Commentary By Ron Beasley
Could the catastrophe that caused the nuclear disaster at Fukishima been predicted? It not only could have it was. But Japan's nuclear regulators and utilities not only ignored the predictions but supressed them.
But some insiders from Japan�s tightly knit nuclear industry have stepped forward to say that Tepco and regulators had for years ignored warnings of the possibility of a larger-than-expected tsunami in northeastern Japan, and thus failed to take adequate countermeasures, such as raising wave walls or placing backup generators on higher ground.
They attributed this to a culture of collusion in which powerful regulators and compliant academic experts looked the other way while the industry put a higher priority on promoting nuclear energy than protecting public safety. They call the Fukushima accident a wake-up call to Japan to break the cozy ties between government and industry that are a legacy of the nation�s rush to develop after World War II.
�March 11 exposed the true nature of Japan�s postwar system, that it is led by bureaucrats who stand on the side of industry, not the people,� said Shigeaki Koga, a former director of industrial policy at the Ministry of Economics, Trade and Industry, or METI, which both promotes and regulates the nuclear industry.
One of those whose warnings were ignored was Kunihiko Shimazaki, a retired professor of seismology at the University of Tokyo. Eight years ago, as a member of an influential cabinet office committee on offshore earthquakes in northeastern Japan, Mr. Shimazaki warned that Fukushima�s coast was vulnerable to tsunamis more than twice as tall as the forecasts of up to 17 feet put forth by regulators and Tepco.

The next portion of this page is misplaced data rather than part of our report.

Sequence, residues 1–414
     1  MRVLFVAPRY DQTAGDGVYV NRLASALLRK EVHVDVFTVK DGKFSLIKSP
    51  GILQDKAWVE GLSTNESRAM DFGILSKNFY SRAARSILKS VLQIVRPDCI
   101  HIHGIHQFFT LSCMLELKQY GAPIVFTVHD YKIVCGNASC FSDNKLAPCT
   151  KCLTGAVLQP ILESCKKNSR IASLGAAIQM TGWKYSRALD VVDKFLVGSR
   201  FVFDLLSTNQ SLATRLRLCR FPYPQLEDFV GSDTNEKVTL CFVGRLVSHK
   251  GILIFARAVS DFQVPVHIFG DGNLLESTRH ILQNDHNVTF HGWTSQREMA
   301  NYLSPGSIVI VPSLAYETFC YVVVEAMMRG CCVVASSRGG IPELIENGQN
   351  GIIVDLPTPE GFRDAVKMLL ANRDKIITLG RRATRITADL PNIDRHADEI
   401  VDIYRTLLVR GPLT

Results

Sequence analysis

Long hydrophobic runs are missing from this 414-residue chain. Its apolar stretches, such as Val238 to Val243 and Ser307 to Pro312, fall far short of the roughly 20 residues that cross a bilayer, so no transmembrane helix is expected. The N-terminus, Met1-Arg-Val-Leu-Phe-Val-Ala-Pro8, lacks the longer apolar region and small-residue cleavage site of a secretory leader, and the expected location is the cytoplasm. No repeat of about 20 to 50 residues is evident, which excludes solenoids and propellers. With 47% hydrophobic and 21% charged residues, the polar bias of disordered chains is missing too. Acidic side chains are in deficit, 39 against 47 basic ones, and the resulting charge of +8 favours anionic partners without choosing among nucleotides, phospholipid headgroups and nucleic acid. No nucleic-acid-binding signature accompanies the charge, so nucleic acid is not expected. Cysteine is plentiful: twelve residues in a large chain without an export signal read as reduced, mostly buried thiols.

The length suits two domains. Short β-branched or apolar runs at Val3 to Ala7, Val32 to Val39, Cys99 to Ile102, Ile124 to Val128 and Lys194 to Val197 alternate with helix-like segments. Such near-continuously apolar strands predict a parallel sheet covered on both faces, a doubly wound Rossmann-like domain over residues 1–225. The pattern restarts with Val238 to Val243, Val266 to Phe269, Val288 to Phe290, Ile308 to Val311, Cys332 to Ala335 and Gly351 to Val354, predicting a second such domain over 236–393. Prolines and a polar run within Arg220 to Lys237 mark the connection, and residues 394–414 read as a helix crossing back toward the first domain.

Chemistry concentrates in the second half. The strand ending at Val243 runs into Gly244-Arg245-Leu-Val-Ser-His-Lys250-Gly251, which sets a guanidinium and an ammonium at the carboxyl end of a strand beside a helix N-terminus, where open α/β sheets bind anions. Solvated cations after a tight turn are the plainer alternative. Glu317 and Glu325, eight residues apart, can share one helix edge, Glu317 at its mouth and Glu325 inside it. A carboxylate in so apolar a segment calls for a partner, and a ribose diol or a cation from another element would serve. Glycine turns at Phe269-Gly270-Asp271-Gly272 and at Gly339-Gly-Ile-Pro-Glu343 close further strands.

Minutes of the meeting on Feb. 19, 2004, show that the government bureaucrats running the committee moved quickly to exclude his views from debate as too speculative and �pending further research.� None of the other 13 academics on the committee objected. Mr. Shimazaki�s warnings were not even mentioned in the committee�s final report two years later. He said the committee did not want to force Tepco to make expensive upgrades at the plant.
�They completely ignored me in order to save Tepco money,� said Mr. Shimazaki, 65.
But it's different here in the US, right? Wrong! (via The Agonist)
Transcript available at The Center for Investigative Reporting. The same story, the regulators are captives of the nuclear industry placing millions of Americans in danger.
Cross posted at The Moderate Voice.